When it comes to buying new tyres for your car, there are many factors that you should consider. Since car tyres are quite an expensive purchase, consumers always want to get the best value for money.
The owner’s manual for your car will tell you the size of the tyres that you need, but there is likely also a range of different tyre types that will fit your car that you can choose from. Here is an introduction to the different types of tyres that are available and some of their pros and cons.
Pick the right kind of tyre
There are many different types of tyres and tread designs with their own advantages and disadvantages. Some of these include:
- Radial tyres – These have become the standard for just about all automotive tyres. “Radial” refers to the way that the tyres are designed and manufactured. It’s likely that all the tyres available for your car will be a type of radial tyres.
- Run-flats – Run-flat tyres are constructed so that the sidewalls of the tyres are thick and strong enough to support the weight of the car. This means that if you get a puncture, you can still drive on the run-flat tyre so you can get to a service centre or complete your journey. However, your speed is limited to 80km/h, and your range is limited to 80km when driving on a punctured run-flat.
- Directional tyres – Directional tyres are designed only to work in one direction of rotation while driving. The tyre tread typically has an arrow pattern which disperses water more effectively, reduces road noise, and improves directional stability. This also means that a directional tyre will only fit the left or the right side of your car, not both.
- Asymmetric tyres – Asymmetric tyres are designed so that one side must always face outwards. The tread on the outside of the tyre is larger and stiffer to help with cornering performance while the tread on the inside is designed for water dispersion like directional tyres. These need to be fitted correctly in order to get the benefit of this design.
- Retreads – Retreads are an option for extending the life of tyres with worn out tread. Retreading involves bonding new tread onto the bottom of your worn out tyres. These typically aren’t recommended by tyre experts because there is potential for the tread to separate from the tyre and cause a blow-out if it heats up too much. They are a lower cost solution than buying new tyres, but they typically do not offer the best value for money.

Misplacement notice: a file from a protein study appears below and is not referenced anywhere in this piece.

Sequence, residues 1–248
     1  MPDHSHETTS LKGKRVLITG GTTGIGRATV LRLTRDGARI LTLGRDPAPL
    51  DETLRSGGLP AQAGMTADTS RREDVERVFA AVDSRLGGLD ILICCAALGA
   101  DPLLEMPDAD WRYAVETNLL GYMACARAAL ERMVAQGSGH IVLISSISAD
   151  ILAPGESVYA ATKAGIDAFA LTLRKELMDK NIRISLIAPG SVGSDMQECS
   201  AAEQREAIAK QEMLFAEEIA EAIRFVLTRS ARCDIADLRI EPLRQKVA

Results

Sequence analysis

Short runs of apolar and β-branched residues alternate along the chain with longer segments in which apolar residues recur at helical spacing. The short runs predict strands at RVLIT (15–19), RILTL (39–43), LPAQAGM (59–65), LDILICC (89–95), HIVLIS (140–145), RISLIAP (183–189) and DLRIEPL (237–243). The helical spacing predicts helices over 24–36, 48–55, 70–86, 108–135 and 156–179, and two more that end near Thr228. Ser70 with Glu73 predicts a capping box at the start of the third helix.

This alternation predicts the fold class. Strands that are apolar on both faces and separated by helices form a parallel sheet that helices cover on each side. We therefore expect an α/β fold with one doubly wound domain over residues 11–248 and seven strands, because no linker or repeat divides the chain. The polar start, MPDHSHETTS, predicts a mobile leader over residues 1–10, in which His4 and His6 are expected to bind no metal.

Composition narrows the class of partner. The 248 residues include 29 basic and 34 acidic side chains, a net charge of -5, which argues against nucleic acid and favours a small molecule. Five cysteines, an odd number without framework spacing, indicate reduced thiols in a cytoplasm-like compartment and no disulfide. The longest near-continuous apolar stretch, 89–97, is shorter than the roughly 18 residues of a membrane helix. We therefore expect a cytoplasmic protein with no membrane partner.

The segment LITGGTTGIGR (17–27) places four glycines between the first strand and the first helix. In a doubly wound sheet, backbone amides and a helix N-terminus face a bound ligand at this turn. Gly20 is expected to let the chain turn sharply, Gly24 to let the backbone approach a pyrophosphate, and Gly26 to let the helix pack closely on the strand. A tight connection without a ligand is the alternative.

- Space-savers or TUSTs – Temporary-use spare tyres (TUST) or space-savers are often what comes included as the spare tyre for new cars. They are typically smaller and should only be used for a short time and at a speed limit of 80km/h.
Some of the specialty designs here are likely to come at a premium price. Whether or not these features offer good value for money will depend on your preferences and how you plan to use your car.
Other things to consider
There are a few other aspects of tyre construction that you should be aware of.
Stiffer tyres are typically more durable and last longer than softer tyres. However, softer tyres wear out faster because they are better at gripping the road, and leave more rubber on the road surface because of that. Tyre manufacturing will always involve some degree of compromise between grip and durability.
Another important factor is rolling resistance. In theory, tyres with lower rolling resistance require less energy to push them forward from a standstill, meaning that you’ll use less fuel. However, there is no easy way of testing or measuring this. Some tyre manufacturers claim to have tyres that can improve fuel economy by up to 10% due to low rolling resistance.
Probably the most important decision you can make for getting the best value out of your tyres is choosing the right tyre manufacturer.
About the author
Club Money is a licensed Small Amount Credit Contract lender. If you need a new tyre after a flat and you’re short on funds, a quick cash loan is one option that could help you pay for it. Article provided by Digital360.